My mother brought me to the United States when I was two years old. Imagine a single mother crossing the border with a toddler. Every step we took, we took together. Thank God we got to Los Angeles where we took refuge in a distant cousin’s home. As every immigrant begins one working day and night to get ahead, I remember my early years going from house to house because there was no one to take care me while my mother worked. Shortly after my mother met the man who decided to spend the rest of his life with her, I had a father, and soon my first sister arrived.

At 16, I started to work because I wanted to help contribute to my family. My first job required me to start work in the middle of the night. My shift  was from 2:00 AM to 12 PM. This was an opportunity for me to help my family, and I was paid in cash because of my legal status.

A few years later, I graduated from Oscar de la Hoya Animo Charter High School, and I then started my first official classes at East Los Angeles Community College. It was a long journey until I earned my bachelors of science degree in electrical engineering in 2015 from Cal State University, Los Angeles. I had to work two jobs to pay for my college education. While I spent long hours in the library or at home studying as my family slept, the goal was clear that I needed to continue to pushing ahead. Several times I slept in the school parking lot because giving up was not an option. Finally, I became the first college graduate in my family. I was proud of what I had accomplished, but I knew that this was just the beginning.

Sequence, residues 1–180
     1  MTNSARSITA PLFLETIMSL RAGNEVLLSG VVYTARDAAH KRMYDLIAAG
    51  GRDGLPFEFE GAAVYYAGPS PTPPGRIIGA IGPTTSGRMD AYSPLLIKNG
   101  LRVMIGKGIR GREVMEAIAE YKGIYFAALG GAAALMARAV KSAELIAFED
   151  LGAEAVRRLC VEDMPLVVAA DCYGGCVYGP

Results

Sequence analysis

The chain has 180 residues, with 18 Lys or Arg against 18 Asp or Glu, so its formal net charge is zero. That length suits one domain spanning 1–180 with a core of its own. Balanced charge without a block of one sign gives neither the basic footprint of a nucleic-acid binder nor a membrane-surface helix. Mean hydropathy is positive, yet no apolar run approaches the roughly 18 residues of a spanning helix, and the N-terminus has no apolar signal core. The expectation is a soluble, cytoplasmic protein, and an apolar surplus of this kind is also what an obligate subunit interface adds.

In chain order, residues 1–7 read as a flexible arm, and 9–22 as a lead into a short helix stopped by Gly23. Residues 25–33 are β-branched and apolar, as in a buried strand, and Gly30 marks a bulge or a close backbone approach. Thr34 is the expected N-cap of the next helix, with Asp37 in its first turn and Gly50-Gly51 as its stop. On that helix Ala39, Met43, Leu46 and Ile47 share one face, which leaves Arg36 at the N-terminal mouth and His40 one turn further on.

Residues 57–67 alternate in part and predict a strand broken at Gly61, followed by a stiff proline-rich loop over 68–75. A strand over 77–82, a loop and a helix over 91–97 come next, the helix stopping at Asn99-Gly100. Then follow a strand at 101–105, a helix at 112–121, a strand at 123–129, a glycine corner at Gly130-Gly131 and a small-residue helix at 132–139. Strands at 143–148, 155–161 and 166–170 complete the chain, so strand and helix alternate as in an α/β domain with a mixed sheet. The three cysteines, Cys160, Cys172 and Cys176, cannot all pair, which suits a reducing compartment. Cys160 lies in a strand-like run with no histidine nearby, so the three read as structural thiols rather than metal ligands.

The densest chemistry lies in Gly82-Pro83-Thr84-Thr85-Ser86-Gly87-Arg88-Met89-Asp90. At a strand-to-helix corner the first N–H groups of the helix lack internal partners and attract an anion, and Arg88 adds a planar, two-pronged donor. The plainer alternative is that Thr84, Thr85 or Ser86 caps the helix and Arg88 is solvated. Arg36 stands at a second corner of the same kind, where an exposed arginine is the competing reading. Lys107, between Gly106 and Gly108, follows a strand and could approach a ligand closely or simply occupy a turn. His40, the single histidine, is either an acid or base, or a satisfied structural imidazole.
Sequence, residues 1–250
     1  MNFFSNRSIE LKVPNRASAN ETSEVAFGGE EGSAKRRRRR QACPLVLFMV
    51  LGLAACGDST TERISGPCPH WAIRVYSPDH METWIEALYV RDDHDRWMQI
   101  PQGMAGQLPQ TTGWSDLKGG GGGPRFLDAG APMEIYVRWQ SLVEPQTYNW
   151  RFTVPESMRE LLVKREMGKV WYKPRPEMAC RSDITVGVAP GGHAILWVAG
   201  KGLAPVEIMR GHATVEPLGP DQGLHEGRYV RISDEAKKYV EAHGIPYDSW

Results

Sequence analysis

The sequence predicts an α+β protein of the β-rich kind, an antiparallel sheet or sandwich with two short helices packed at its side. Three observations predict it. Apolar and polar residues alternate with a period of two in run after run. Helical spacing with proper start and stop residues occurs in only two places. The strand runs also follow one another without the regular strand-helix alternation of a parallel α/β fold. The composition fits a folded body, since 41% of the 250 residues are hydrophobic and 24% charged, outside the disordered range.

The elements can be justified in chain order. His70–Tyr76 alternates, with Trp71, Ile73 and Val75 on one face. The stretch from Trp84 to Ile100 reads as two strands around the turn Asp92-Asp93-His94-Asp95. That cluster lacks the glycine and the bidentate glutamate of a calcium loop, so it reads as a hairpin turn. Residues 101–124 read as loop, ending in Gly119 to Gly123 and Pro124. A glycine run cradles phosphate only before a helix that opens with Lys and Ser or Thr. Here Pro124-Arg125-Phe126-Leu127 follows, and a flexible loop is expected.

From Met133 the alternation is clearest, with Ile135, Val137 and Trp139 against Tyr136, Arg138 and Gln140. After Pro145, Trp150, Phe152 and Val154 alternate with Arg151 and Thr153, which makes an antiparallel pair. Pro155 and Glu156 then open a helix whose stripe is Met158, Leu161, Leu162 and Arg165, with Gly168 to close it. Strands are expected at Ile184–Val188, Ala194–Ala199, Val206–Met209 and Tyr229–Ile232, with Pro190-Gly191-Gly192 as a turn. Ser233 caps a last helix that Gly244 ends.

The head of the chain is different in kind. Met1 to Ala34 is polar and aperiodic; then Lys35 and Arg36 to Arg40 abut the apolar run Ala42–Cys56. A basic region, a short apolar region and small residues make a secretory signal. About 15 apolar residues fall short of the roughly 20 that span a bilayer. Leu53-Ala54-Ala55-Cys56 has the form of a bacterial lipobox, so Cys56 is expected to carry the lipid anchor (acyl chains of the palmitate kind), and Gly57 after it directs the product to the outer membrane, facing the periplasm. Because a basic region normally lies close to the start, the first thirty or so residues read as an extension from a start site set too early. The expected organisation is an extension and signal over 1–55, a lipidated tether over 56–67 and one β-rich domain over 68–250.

When I was 22 years old, on June 15, 2012, President Obama made the announcement the DACA program. This changed my life like many other students who also have a similar story to tell about being undocumented in the US. We have not given up because the journey is long, but we also have faith that everything will fine. In supporting DACA, we support the future of our community.

If there is not a solution to DACA, I, like 800,000 other DREAMers will lose our work permits as the program phases out. We will also lose our jobs and the ability to contribute to our families, communities, and the greater economy.

The next few weeks and months ahead will be crucial given President Trump’s decision to rescind DACA. I ask that people continue to support DACA and people with stories similar to my own.